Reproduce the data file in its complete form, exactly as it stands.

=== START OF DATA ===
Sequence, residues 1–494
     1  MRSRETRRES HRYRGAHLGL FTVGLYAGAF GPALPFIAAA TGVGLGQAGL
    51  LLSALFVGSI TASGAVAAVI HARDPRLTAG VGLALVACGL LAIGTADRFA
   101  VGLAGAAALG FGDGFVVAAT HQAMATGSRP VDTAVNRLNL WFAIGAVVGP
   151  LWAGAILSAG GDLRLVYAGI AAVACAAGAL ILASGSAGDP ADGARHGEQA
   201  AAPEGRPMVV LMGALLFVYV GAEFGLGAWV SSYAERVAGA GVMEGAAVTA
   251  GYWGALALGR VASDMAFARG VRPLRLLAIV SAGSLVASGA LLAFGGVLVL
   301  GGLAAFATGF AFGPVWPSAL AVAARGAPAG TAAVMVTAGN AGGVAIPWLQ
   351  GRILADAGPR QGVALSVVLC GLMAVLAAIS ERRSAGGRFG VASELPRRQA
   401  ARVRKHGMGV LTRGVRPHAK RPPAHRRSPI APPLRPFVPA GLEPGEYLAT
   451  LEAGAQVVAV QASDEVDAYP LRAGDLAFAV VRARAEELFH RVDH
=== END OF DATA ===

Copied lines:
Sequence, residues 1–494
     1  MRSRETRRES HRYRGAHLGL FTVGLYAGAF GPALPFIAAA TGVGLGQAGL
    51  LLSALFVGSI TASGAVAAVI HARDPRLTAG VGLALVACGL LAIGTADRFA
   101  VGLAGAAALG FGDGFVVAAT HQAMATGSRP VDTAVNRLNL WFAIGAVVGP
   151  LWAGAILSAG GDLRLVYAGI AAVACAAGAL ILASGSAGDP ADGARHGEQA
   201  AAPEGRPMVV LMGALLFVYV GAEFGLGAWV SSYAERVAGA GVMEGAAVTA
   251  GYWGALALGR VASDMAFARG VRPLRLLAIV SAGSLVASGA LLAFGGVLVL
   301  GGLAAFATGF AFGPVWPSAL AVAARGAPAG TAAVMVTAGN AGGVAIPWLQ
   351  GRILADAGPR QGVALSVVLC GLMAVLAAIS ERRSAGGRFG VASELPRRQA
   401  ARVRKHGMGV LTRGVRPHAK RPPAHRRSPI APPLRPFVPA GLEPGEYLAT
   451  LEAGAQVVAV QASDEVDAYP LRAGDLAFAV VRARAEELFH RVDH